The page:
From fighting the pandemic to reengineering American politics, these influential women—including New Zealand Prime Minister Jacinda Ardern, Vice President-elect Kamala Harris and voting rights advocate Stacey Abrams—are making history.
During the U.S. vice presidential debate in October, Senator Kamala Harris and Vice President Mike Pence squared off in fairly typical fashion: for 90 minutes they contradicted each other, selectively answered the moderator’s questions, and interrupted each other—with Pence doing so at twice the rate of Harris. “Mr. Vice President,” Harris would say each time, reclaiming the mic, “I’m speaking.”
The comeback launched a thousand memes (and even a handful of T-shirts), but it also became a rallying cry for women across America. One month after the debate, Senator Harris became the first woman, first Black American and first Asian American to be elected vice president—an unprecedented trifecta of firsts for California Senator Harris.
Her rapid ascension in U.S. politics has also catapulted her onto the Forbes list of the World’s 100 Most Powerful Women for the first time; she makes her debut at No. 3, right below German Chancellor Angela Merkel (ranking No. 1 for the tenth year in a row) and European Central Bank chief Christine Lagarde (No. 2 for the second straight year).
“Democratic countries where human rights are respected and where women are able to reach top positions in society are also the countries that are the best-equipped to handle crises by Covid-19.”
The women on the 17th annual power list hail from 30 countries and were born across four generations. There are 10 heads of state, 38 CEOs and five entertainers among them. But where they differ in age, nationality and job description, they are united in the ways they have been using their platforms to address the unique challenges of 2020. In particular, several of this year’s Power Women received global plaudits for their effective responses to Covid-19: New Zealand Prime Minister Jacinda Ardern (No. 32) vanquished a first and second wave of a virus in her country by implementing strict lockdown and quarantine procedures. Taiwan’s president Tsai Ing-wen (No. 37) implemented a rigorous contact-tracing program in January; as a result, to date, the island of 23 million people has lost only seven people to the virus.
As Norwegian Prime Minister Erna Solberg (No. 52) put it during a global conference in November: “… [D]emocratic countries where human rights are respected and where women are able to reach top positions in society are also the countries that are the best-equipped to handle crises by Covid-19.”
The 17 newcomers on this year’s list illustrate that women are leading all aspects of a society transformed by a global pandemic. New UPS CEO Carol Tomé (No. 11) and Clorox head Linda Rendle (No. 87) are responsible for helping provide essential services that have kept Americans connected and clean, while CVS Health executive vice president and incoming CEO Karen Lynch (No. 38) leads the pharmacy giant’s vast Covid testing program and, in 2021, will be responsible for its critical handling of Covid vaccines.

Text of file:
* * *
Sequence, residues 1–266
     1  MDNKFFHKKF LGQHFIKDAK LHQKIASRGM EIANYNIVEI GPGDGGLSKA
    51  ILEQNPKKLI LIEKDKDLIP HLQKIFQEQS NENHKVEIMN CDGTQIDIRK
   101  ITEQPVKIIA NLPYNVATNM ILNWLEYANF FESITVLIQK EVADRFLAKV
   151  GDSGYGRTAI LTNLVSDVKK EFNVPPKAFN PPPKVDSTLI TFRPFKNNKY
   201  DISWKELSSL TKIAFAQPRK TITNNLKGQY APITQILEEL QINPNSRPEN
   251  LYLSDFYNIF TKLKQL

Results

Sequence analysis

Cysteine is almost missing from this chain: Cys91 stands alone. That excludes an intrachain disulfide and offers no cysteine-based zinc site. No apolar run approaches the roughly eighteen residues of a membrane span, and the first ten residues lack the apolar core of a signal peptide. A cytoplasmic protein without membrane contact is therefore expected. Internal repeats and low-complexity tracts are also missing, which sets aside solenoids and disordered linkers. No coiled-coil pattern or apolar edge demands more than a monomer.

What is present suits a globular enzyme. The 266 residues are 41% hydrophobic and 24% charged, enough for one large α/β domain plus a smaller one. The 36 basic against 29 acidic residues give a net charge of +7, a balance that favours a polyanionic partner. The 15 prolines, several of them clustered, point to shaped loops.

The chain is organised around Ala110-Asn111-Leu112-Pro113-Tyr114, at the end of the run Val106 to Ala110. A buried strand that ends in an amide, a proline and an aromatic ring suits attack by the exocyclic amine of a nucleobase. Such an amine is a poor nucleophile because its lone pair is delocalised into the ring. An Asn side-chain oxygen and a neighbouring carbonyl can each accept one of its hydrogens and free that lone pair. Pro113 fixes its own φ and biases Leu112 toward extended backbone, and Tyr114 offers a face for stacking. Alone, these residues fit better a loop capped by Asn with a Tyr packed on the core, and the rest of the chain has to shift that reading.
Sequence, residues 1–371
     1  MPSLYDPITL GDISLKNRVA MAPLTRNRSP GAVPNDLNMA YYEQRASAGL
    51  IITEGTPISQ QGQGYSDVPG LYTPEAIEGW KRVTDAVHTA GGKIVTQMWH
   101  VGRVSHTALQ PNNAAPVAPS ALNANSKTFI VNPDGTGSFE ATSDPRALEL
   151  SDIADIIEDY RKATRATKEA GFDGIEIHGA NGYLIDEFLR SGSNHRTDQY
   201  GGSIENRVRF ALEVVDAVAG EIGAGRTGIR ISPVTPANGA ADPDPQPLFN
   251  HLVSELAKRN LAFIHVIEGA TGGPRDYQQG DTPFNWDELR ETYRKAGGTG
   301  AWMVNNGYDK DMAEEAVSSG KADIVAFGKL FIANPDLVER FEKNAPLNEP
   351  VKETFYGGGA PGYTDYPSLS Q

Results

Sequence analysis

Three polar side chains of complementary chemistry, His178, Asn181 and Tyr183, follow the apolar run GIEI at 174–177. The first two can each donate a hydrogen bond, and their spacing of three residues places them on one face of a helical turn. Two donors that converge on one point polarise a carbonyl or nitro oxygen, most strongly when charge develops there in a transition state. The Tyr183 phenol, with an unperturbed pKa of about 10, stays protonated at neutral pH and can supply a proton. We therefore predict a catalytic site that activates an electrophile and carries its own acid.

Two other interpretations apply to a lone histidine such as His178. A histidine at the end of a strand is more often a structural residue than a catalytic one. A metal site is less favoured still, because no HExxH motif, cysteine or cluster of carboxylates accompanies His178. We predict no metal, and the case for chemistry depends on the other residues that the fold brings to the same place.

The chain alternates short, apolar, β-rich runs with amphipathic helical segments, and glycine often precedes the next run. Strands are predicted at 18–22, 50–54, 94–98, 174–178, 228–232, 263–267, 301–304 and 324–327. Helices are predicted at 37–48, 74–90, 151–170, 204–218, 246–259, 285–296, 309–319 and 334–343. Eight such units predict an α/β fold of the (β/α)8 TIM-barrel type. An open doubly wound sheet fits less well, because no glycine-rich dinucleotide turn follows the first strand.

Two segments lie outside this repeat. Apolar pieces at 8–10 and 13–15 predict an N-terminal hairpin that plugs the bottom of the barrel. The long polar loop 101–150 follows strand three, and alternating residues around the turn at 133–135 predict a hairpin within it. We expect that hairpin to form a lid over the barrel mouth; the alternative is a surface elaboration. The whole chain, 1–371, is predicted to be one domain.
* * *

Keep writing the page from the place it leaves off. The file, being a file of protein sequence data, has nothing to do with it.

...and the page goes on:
In a year marked by mass protests and political unrest around the world, few people deftly used their power quite like Fair Fight founder and voting rights advocate Stacey Abrams (No. 100). By working to help register some 800,000 people to vote in Georgia, the former state representative helped a Democratic presidential nominee win her state for the first time in 28 years. Her work is not done–she said she gave herself “17 minutes” of celebration before turning her focus to the critical Georgia Senate runoff elections in January. But it is due to that continued work, along with the efforts of so many women like her, that the words of the soon-to-be vice president will come to fruition. Said Harris in November: “While I may be the first woman in this office, I will not be the last.”
by Maggie McGrath
Since the last iteration of this list, a global pandemic and numerous social justice movements have rocked the U.S. Of the thousands of companies considered for the ranking, 60% are proactively sharing on their websites what they’re doing to promote diversity, up from 46% this time last year. Additionally, 28% now have a senior leader whose sole responsibility is DEI, up from 18% in 2020.
The need to promote diversity, equality and inclusion (DEI) goals in the chemicals industry remains a pivotal challenge for the sector. This was brought into focus at the European Petrochemical Association’s (EPCA) 55th annual event, in a virtual roundtable discussion.
A year and a half into the COVID-19 pandemic, women in corporate America are even more burned out than they were last year—and increasingly more so than men. Despite this, women leaders are stepping up to support employee well-being and diversity, equity, and inclusion efforts, but that work is not getting recognized. That’s according to the latest Women in the Workplace report from McKinsey, in partnership with LeanIn.Org.